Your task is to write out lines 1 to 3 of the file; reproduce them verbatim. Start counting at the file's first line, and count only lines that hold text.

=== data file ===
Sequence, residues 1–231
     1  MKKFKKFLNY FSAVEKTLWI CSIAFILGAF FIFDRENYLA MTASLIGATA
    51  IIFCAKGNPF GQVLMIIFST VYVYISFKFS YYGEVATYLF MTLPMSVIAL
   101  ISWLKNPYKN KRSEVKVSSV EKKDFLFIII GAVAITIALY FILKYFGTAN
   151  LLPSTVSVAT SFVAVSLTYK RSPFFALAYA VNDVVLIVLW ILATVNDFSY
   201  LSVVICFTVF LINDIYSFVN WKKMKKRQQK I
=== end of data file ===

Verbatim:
Sequence, residues 1–231
     1  MKKFKKFLNY FSAVEKTLWI CSIAFILGAF FIFDRENYLA MTASLIGATA
    51  IIFCAKGNPF GQVLMIIFST VYVYISFKFS YYGEVATYLF MTLPMSVIAL